Asheville artist redefines female strength in new exhibition

Sarah Shadburne
Arts & Features
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The presence of strong women in Jenny Pickens’ life shaped the world around her and energized her artwork. Now, as part of Women’s History Month, the Asheville-based artist redefines pivotal strength in her new exhibition of paintings titled Perseverance.
“My grandmother was a strong woman,” Pickens said. “She was well up in her age and stepped in and took us all in.”
Growing up, both Pickens’ parents were in prison and she was the youngest of four children who would have soon been separated if not for her grandmother.
“I think about all the things she did for us,” Pickens said. “We didn’t go without food, we had a place to live, clothes and you know, she died before I could even thank her for that, but her being strong was something I experienced.”
Pickens primarily depicts women in her paintings with a special, lingering emphasis on their eyes.  

Jenny Pickens especially loves to render eyes and noses. Art courtesy of Jenny Pickens.

“I think it’s because I didn’t know my mother when I was young,” Pickens said. “I haven’t seen her in 40 years. When I meet people I always try to look at them and see, ‘Is this her?’”
Her new exhibition Perseverance deals with women redefining what it means to be strong and persistent despite barriers to continue making an impact on the world. She said she cites her inspiration as being born directly from her experience as a single mother.
“When my kids were really young, we lived in a housing apartment and one day my son was outside and saw someone come through shooting and it scared him to death,” Pickens said. “He was afraid to leave the house. I told him, ‘We are getting up out of here, no matter what it takes.’’’
Pickens began her journey into art as a kindergartener with help from her supportive painting teacher, whose words and smile were always encouraging.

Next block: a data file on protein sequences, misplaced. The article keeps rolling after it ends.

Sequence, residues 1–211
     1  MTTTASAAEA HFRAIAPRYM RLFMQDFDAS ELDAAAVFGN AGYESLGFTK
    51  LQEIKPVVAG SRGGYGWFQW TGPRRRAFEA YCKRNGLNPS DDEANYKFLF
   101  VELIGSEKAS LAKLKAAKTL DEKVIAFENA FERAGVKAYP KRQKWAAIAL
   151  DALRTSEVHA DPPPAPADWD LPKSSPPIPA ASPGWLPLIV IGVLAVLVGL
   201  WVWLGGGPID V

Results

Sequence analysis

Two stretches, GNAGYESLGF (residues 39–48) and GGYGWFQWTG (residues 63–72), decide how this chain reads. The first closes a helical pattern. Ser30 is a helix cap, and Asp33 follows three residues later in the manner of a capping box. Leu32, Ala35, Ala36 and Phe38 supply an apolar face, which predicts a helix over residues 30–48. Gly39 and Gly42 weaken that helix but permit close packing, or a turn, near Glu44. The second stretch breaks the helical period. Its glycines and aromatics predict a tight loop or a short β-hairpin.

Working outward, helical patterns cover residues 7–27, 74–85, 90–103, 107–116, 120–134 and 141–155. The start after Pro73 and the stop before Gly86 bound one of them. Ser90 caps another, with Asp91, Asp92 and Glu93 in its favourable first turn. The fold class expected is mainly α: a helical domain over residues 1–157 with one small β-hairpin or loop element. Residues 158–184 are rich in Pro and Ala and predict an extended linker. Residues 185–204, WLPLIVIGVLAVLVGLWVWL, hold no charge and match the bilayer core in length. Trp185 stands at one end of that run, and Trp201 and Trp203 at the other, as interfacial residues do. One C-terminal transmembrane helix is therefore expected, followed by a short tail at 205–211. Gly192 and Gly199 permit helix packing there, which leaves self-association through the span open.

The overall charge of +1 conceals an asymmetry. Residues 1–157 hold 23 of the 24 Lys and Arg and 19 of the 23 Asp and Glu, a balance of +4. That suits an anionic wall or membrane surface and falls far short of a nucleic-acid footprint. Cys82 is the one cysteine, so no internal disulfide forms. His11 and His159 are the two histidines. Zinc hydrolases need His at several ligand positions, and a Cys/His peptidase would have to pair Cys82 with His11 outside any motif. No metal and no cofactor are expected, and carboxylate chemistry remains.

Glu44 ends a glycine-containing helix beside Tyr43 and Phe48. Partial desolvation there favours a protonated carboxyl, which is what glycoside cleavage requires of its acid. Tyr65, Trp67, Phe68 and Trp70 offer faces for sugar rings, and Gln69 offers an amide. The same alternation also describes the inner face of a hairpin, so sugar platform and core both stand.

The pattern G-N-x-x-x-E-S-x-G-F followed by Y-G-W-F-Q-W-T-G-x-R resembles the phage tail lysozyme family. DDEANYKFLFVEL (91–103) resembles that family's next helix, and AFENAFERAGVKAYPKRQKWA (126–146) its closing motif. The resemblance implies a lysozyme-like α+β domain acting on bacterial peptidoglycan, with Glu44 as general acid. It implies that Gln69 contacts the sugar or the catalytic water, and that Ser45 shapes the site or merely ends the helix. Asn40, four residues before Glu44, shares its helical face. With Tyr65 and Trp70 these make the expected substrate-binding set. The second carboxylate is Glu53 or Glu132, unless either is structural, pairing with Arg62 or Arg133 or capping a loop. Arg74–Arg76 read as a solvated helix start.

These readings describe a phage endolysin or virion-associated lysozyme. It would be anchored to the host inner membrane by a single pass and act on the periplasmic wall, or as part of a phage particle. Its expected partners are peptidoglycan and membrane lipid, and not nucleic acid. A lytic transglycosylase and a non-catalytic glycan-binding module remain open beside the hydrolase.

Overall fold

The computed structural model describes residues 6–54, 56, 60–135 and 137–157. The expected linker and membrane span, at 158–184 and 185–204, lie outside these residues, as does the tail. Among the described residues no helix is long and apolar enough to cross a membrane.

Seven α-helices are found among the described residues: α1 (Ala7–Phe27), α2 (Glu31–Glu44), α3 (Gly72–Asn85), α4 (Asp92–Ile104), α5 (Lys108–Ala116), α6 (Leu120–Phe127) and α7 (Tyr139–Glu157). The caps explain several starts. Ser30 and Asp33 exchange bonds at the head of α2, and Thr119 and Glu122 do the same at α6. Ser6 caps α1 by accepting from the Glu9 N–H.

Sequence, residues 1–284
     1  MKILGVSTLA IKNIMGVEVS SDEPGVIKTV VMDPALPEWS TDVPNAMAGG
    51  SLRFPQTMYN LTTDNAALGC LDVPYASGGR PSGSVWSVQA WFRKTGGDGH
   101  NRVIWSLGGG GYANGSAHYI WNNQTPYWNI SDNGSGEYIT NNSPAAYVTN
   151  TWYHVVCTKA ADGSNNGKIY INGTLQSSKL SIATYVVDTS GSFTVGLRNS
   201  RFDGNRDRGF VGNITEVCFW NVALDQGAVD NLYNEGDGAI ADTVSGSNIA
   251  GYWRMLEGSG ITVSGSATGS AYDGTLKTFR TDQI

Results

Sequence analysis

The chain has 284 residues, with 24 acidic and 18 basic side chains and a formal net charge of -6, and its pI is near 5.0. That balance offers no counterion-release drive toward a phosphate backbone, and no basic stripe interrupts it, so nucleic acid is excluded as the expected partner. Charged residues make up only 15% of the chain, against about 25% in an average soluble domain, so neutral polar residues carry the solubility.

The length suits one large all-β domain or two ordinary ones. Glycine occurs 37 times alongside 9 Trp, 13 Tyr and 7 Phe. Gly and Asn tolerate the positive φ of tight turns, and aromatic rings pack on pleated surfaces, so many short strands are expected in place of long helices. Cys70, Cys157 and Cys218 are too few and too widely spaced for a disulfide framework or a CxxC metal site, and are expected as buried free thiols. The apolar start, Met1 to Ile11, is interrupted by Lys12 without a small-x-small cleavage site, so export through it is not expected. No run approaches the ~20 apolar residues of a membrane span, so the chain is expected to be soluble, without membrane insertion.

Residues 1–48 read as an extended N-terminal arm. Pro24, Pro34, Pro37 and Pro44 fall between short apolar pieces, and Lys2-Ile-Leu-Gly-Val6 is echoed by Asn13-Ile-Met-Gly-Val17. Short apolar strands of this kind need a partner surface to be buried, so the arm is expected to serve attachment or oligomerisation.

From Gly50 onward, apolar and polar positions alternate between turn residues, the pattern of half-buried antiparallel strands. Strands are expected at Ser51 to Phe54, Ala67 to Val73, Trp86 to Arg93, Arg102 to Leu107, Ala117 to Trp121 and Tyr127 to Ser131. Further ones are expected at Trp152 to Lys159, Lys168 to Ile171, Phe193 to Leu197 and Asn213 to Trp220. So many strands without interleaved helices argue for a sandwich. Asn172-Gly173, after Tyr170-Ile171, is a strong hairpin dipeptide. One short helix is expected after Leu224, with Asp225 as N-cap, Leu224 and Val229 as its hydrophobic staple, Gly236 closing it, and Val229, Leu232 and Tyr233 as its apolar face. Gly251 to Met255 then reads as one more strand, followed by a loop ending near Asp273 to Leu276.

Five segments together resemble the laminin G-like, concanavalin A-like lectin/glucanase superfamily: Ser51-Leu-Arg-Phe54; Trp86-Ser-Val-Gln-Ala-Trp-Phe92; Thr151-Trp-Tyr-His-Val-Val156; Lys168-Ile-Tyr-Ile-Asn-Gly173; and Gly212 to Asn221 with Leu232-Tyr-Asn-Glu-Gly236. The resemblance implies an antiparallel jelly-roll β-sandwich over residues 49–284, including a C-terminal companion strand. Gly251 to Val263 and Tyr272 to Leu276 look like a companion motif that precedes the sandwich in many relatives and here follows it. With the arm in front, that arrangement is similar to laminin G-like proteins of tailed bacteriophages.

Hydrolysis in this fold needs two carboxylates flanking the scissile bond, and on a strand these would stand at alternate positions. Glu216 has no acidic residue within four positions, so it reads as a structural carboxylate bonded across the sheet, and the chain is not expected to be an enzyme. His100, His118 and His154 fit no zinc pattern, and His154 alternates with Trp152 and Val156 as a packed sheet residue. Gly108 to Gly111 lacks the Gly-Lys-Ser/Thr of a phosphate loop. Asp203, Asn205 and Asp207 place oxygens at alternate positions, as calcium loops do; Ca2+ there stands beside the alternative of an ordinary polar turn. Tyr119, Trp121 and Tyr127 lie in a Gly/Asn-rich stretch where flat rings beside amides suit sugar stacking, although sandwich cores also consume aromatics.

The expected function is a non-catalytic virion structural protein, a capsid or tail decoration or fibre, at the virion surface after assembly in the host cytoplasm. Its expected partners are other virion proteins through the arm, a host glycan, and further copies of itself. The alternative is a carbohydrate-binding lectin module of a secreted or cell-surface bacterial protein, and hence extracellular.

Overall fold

“I always painted a house with a flower beside it for some reason,” Pickens muses. “She always used to tell me, ‘You are such a good artist,’ and it made me think, ‘Yeah, maybe I do like this.’”
Pickens was the featured artist for Black History Month last year, so when she got the email to participate for Women’s History Month this year, she was ready.

Jenny Pickens’ art relies heavily on her moods. Art courtesy of Jenny Pickens.

Torre White, the 26-year-old daughter of Pickens is infused with the spirit of Perseverance, referencing times growing up when she pushed boundaries and asked questions when she and other women were excluded from things on the basis of their gender.
“Even in middle school, I loved football. Why can’t a woman play football? So I tried out,” White laughs. “Anything that is supposedly for men I feel like, why can’t a woman do it?”
White tried a variety of activities in high school, such as ROTC and founding an LGBT club with her friends, because she knew how it felt to be discriminated against over something you cannot change.
“I don’t believe that because I’m a woman I have to be defined as such. I can define myself. I don’t need society to define me,” White said.
White recently took her 7-year-old son to the Women’s March on Asheville, who toted a sign reading, “I stand with my mom.”
“Although he may not understand the complexity of it, he understands that when you stand together with a person despite what they look like, you can make changes,” White said. “That’s what I want to instill in my kids.”
White learned from the art of her mother as a child and continues to take those lessons with her as an adult with a career.
“It’s not always what a book and a school can teach you, but what you allow yourself to learn and discover,” White said.
Perseverance will be on display in the Intercultural Center in Highsmith Union weekdays from 8 a.m. to 5 p.m. until the closing reception on March 28.